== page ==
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Candidacy of Former Top Economic Adviser Goes in the Red

May 22, 1986

LOS ANGELES (AP) _ Economist Arthur Laffer, whose theories were instrumental in the development of ″Reaganomics,″ says his GOP Senate campaign has gone broke.

But Laffer said he remains optimistic about his campaign.

When he announced his candidacy in July, Laffer said he planned to raise $2.5 million, with $1 million going for overhead and the rest for advertising.

At the time, his chances looked good in the crowded field of 12 seeking the Republican nomination for U.S. Senate in the June 3 primary.

He had nationwide name recognition: Laffer’s economic curve theory was a cornerstone of the Reagan administration’s economic policies.

Laffer received $1 million in contributions - more than all but two of his rivals, but considerably less than his goal. Laffer bumper stickers, buttons and T-shirts were printed, but there have been no Laffer radio or television ads.

And this week his campaign reported a net debt of about $23,000.

″Issues are not my problem, raising money is not my problem, managing campaigns ... is something I can learn,″ he said.

One of his biggest mistakes, the 46-year-old candidate said, was making fund-raising tours outside California.

Laffer went to New York, Connecticut, Ohio and Puerto Rico. While he was gone, political organizations and the media were beginning to turn toward the Senate race and his competition.

″I overextended labor on fund-raising,″ he said. ″I could, if I had to, spend one or two or three days less on trips back East.″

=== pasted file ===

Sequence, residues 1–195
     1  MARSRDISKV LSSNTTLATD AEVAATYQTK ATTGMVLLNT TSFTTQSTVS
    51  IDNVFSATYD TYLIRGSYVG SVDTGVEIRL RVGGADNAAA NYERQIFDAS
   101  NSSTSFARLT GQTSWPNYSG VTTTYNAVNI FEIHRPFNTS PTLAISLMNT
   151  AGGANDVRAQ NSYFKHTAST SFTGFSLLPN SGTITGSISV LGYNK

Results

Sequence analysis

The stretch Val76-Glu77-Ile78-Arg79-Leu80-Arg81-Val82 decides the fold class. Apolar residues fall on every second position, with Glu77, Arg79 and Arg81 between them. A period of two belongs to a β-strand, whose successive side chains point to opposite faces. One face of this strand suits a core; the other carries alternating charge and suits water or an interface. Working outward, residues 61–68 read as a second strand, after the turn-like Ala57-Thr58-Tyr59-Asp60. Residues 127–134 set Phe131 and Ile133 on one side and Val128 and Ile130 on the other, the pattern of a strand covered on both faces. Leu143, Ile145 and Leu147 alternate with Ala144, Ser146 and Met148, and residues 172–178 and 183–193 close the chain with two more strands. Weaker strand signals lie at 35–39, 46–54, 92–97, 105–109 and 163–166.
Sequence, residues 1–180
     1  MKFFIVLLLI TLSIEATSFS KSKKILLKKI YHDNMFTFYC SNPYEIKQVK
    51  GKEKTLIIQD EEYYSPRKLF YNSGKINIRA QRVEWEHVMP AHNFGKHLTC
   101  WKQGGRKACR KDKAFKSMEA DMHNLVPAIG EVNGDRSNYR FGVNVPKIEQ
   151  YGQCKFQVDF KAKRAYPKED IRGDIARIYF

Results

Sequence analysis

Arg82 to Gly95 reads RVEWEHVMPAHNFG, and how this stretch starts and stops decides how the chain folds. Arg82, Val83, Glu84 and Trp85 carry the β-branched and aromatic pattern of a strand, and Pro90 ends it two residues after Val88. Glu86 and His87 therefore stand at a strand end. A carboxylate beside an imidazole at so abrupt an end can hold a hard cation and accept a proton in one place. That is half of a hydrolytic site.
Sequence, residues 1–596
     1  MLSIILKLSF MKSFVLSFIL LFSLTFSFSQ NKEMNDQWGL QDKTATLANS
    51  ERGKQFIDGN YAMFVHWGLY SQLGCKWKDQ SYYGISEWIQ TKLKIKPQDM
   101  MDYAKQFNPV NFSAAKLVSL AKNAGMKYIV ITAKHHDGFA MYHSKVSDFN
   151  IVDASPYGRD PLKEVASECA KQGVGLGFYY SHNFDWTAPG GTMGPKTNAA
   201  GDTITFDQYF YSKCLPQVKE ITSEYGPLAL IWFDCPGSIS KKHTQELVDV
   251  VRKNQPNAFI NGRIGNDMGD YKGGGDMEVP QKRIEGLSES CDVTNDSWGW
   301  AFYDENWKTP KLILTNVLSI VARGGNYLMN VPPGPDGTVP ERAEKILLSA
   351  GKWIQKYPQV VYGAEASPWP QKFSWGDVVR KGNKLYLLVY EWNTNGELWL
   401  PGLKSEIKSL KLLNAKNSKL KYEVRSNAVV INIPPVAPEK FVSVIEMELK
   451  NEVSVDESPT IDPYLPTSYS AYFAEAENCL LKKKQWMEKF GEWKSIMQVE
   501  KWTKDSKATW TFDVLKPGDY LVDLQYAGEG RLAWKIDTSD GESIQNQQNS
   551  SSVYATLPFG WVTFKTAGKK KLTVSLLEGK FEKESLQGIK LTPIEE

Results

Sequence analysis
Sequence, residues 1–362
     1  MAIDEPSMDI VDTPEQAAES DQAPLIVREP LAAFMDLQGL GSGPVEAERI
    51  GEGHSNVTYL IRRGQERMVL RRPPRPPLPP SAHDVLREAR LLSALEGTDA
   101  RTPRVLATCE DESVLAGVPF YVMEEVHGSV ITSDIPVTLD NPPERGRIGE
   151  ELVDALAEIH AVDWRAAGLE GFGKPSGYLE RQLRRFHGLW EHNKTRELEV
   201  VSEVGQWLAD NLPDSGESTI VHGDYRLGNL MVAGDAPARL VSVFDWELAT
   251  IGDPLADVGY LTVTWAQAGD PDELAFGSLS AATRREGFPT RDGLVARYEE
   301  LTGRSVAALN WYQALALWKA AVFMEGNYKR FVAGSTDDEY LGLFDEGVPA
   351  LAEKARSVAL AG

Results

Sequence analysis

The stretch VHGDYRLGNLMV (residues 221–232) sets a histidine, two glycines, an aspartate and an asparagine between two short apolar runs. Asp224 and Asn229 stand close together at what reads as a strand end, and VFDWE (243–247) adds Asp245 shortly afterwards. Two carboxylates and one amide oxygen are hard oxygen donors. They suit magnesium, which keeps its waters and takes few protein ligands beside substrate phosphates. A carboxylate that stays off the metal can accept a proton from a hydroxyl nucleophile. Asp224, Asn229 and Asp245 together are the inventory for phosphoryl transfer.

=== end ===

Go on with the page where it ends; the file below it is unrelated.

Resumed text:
When in California, Laffer took an unorthodox approach to some of the basics of the campaign trail, failing to show at many candidate forums.

Despite the problems - a recent California Poll showed Laffer tied for fourth place with 8 percent of the vote - the economist remains optimistic.

″This is a challenge, in the nice sense of the word,″ he said. ″I don’t think I’ve lost yet.″

In Michigan today, Republican Jacqueline McGregor announced her intention to seek the nomination to again challenge incumbent Democratic U.S. Rep. Howard Wolpe of the 3rd District.

Mrs. McGregor, 47, of Delta Township was defeated by Wolpe in the 1984 race by a 53 percent to 47 percent margin.

″I can beat him this time and I’m pretty optimistic about it,″ said Mrs. McGregor, the only announced candidate for the Aug. 5 GOP primary.

Wolpe, 46, was first elected to represent the district in 1978. The Lansing Democrat is expected to seek re-election for a fifth term.

Mrs. McGregor quit her $57,480-a-year job as Reagan’s education adviser last month.

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